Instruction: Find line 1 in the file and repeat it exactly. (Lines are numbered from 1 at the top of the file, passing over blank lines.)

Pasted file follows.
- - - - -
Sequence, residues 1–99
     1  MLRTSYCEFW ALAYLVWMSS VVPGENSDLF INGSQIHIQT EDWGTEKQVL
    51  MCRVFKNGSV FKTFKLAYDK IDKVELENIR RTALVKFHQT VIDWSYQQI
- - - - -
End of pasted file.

Sequence, residues 1–99